A federal appeals court panel in New Orleans has dealt another blow to the Affordable Care Act, agreeing with a lower-court judge that the portion of the health law requiring most people to have coverage is unconstitutional now that Congress has eliminated the tax penalty that was intended to enforce it.
The appeals court, however, did not rule on how much of the rest of the law is now unconstitutional. Instead, it sent the case back to the lower court to make that determination.
That most likely means the fate of the law is unlikely to be settled before the 2020 election.
The stakes could not be higher. The case is widely expected to end up at the Supreme Court. And if the high court — which has upheld the ACA twice since its original passage in 2010 — agrees with the appeals court, the decision could upend the nation’s entire health care system.
Hanging in the balance is not only health coverage for the roughly 20 million Americans directly served by the ACA, but also hundreds of millions more whose health care and coverage have been affected by the thousands of changes to the health care system enacted in the law. Those include provisions as wide-ranging as changes in Medicare drug copayments, requirements for calorie counts on menus, a pathway for approval of generic copies of expensive biologic drugs and, perhaps most important politically, protections for people with preexisting conditions.
Two of the three judges on the panel agreed with the plaintiffs in the case who wanted the law struck down. Judge Jennifer Walker Elrod wrote that “the individual mandate is unconstitutional because it can no longer be read as a tax, and there is no other constitutional provision that justifies this exercise of congressional power.”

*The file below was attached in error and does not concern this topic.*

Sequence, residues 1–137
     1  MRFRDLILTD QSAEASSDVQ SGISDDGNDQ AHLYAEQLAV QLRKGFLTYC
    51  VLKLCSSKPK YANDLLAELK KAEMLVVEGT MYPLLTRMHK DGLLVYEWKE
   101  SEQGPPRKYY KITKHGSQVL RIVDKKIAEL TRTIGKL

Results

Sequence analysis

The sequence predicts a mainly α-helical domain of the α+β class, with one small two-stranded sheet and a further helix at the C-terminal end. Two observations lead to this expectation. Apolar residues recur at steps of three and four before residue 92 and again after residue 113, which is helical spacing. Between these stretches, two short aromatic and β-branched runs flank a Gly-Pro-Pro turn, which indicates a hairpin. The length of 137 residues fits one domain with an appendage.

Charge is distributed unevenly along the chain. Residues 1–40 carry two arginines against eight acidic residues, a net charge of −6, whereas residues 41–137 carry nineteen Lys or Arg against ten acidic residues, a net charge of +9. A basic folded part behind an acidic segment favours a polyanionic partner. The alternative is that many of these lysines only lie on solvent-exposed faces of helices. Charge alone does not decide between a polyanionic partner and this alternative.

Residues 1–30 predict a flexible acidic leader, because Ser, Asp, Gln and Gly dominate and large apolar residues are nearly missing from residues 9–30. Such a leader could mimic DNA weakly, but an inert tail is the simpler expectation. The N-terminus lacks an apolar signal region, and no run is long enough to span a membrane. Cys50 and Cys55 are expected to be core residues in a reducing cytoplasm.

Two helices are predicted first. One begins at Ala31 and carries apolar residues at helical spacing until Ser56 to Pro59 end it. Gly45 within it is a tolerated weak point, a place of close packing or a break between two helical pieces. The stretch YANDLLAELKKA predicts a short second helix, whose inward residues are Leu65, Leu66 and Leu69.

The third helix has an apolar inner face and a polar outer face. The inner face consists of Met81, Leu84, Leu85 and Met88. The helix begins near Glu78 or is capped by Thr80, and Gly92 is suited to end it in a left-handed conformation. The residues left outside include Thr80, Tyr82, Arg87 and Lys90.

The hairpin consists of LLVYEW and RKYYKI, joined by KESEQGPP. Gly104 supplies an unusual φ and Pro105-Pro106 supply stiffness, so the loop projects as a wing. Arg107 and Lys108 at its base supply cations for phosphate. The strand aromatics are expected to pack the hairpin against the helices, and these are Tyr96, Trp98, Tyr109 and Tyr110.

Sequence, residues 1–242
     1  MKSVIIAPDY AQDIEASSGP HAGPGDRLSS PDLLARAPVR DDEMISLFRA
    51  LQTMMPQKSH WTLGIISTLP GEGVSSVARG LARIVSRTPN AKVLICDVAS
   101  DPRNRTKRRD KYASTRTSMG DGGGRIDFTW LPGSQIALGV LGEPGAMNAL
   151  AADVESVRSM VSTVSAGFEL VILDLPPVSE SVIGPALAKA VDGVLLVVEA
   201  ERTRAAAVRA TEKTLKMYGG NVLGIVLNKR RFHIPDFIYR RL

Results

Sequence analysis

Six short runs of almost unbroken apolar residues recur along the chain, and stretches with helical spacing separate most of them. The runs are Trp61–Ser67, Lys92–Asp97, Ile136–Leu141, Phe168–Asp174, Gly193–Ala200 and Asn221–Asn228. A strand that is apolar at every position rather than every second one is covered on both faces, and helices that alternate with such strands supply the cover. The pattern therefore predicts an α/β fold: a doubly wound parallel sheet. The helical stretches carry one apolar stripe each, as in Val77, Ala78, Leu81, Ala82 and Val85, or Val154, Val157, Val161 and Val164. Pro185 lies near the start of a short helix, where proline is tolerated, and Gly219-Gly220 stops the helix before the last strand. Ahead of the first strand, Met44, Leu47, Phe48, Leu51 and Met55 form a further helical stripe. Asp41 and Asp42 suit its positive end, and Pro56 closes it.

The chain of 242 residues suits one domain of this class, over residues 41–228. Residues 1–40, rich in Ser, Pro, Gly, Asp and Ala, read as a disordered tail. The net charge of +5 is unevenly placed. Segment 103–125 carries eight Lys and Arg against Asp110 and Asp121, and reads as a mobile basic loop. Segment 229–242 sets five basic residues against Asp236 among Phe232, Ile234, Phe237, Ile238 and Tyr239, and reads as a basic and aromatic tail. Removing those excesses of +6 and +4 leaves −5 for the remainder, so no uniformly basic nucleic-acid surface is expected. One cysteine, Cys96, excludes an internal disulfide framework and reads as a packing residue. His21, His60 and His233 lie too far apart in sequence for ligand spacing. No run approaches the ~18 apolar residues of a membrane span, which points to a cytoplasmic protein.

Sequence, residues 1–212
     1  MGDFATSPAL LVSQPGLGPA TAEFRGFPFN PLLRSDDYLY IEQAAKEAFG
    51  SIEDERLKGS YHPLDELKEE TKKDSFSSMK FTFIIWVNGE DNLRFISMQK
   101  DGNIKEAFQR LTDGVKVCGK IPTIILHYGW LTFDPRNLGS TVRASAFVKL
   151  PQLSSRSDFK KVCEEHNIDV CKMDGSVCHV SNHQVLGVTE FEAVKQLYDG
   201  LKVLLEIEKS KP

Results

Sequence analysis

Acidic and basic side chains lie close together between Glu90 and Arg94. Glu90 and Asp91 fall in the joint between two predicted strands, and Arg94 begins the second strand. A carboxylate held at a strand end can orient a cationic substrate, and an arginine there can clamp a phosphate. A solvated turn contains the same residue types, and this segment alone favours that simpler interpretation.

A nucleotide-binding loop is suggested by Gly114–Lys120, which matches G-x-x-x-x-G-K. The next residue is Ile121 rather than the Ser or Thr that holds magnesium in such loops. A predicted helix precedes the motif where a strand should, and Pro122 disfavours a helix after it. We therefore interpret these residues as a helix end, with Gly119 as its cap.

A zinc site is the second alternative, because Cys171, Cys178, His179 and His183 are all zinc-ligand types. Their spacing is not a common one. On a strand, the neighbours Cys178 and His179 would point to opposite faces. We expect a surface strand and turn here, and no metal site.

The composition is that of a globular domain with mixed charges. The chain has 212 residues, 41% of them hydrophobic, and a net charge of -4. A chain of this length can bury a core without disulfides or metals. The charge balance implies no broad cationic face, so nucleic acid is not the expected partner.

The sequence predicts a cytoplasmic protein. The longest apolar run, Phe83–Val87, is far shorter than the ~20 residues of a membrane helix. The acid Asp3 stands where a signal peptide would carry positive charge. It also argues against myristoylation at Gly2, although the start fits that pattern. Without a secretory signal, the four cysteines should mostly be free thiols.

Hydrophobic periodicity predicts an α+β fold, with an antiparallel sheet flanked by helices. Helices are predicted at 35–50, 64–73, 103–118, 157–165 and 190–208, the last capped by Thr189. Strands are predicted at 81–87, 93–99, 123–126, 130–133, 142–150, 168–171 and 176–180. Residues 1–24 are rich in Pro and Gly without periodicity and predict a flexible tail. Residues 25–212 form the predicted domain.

But at the same time, the appeals court majority declined to say how much else of the law can remain. Instead, it sent the case back, ordering the lower court “to employ a finer-toothed comb … and conduct a more searching inquiry into which provisions of the ACA Congress intended to be inseverable from the individual mandate.”
The third judge on the panel, Carolyn Dineen King, disagreed with both the lower court and the other two judges. In her dissent, she wrote that sending the case back to the lower court “will unnecessarily prolong this litigation and the concomitant uncertainty over the future of the healthcare sector.”
A group of Republican state attorneys general and governors filed the case, Texas v. United States, in early 2018. They charged that when Congress eliminated the financial penalty for not having insurance as part of its 2017 tax bill, it rendered the rest of the health law moot. That is because the 2012 Supreme Court decision upholding the law said it was the tax that made the law constitutional, since the ACA relied on appropriate taxing powers given to Congress through the Constitution.
Legal scholars on both sides say that logic is flawed, but in December 2018, U.S. District Judge Reed O’Connor, of the Northern District of Texas, ruled the entire law unconstitutional.
The Trump administration, meanwhile, has taken several positions on the case. Last year, it told the lower court it did not believe eliminating the tax required the entire law to be declared void.
But Justice Department officials said they supported striking down the provisions of the law most closely tied to the tax penalty: the ones requiring insurance companies to sell coverage to people with preexisting health conditions and not charge them more. Those are among the most popular provisions of the law. Democrats’ success in taking back the House in last year’s midterm elections was largely credited to consumers’ fears of losing that provision when Republicans threatened to repeal the health law in 2017.
After the lower-court ruling, however, the administration decided to support the GOP plaintiffs. In March, a Justice Department spokeswoman said officials had “determined that the district court’s comprehensive opinion came to the correct conclusion and will support it on appeal.”
That left a group of Democratic state attorneys general to defend the law, led by California’s Xavier Becerra, along with the U.S. House of Representatives, which voted in January, after Democrats formally took over the majority, to join the lawsuit.
But in July, the administration’s position shifted again. In a filing with the court, its attorneys argued that perhaps the health law should be invalidated only in the GOP states that are suing, rather than in all states. It is unclear how that would work.